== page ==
I love to see these flowers on their bare branches as I walk though the fall woods. Get out into a rich woods and see if you can find these last flowers of the year.

Spiny Witch-hazel Gall

Spiny Witch-hazel Gall with Aphids

A Small “Big” Tree

Staghorn Sumac Rhus typhina

Staghorn Sumac Girth

Staghorn Sumac Twig

Staghorn Sumac

Big tree hunting is a great sport. Many people find and report large trees but it is the largest of the normally small species that have always interested me. Record small tree species include a 5-inch diameter Witch-hazel, a 6-inch diameter Highbush-cranberry, a 7-inch diameter Red Elderberry, and an 11-inch diameter Pawpaw. Most people walk by trees that are less than a foot in diameter without ever thinking “big tree.”

Recently I found two large Staghorn Sumacs (Rhus typhina) on the campus of Oakland University in Rochester, Michigan. They are along Pioneer Drive southeast of Pawley Hall. The largest one is approximately one foot in diameter. Staghorn Sumac is a common species in Michigan that normally is just shrub size. It gets the name “staghorn” because the hair on the twigs resembles the velvet on the horns of a stag.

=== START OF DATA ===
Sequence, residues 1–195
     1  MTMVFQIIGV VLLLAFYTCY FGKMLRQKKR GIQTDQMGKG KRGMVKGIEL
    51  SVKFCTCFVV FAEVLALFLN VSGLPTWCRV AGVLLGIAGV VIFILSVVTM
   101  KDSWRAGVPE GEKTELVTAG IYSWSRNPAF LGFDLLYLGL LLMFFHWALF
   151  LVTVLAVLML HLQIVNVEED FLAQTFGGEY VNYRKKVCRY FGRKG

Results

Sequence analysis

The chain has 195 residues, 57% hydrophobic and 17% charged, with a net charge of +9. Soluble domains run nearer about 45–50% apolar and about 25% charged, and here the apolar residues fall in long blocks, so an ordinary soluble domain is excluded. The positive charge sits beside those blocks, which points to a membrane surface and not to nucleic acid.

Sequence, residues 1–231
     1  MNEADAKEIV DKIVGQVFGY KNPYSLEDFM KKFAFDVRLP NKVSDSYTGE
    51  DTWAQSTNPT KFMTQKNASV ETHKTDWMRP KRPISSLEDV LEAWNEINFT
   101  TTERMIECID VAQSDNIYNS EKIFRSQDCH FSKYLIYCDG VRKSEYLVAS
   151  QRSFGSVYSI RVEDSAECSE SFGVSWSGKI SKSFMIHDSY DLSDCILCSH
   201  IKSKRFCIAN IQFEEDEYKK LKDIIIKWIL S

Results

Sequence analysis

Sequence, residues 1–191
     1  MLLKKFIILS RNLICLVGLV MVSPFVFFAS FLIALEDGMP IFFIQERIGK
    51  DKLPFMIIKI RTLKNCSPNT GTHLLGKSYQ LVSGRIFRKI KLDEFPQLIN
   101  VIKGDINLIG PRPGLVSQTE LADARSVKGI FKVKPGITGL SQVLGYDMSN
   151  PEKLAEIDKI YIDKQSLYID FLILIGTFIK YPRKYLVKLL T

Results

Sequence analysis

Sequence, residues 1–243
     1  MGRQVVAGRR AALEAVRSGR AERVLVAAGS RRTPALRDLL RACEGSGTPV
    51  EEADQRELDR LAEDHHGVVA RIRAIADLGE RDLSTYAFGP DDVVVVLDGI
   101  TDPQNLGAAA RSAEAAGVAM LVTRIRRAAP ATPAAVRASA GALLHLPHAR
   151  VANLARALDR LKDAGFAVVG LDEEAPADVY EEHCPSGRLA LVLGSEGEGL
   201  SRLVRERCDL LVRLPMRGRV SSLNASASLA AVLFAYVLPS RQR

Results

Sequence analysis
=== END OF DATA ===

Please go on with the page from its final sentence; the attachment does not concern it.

These two are not Michigan state champion size but are close. Champions are determined by a point system. The points equal the height in feet, plus the girth in inches (four-and-a-half feet from the ground), plus one-fourth of the average spread. The Michigan state champion Sumac scores 72 points. I measured the height of the largest Oakland University Sumac as 20-feet (by the stick method), its circumference at 4-feet above ground as 37-inches (the tree forks below the four-and-a-half-feet height) and its canopy spread at 26-feet x 23-feet. It scores 63 points. Currently there is no national champion Staghorn Sumac. National champions must be measured every ten years and our state champion’s data is older. The Oakland tree might qualify as a national champion.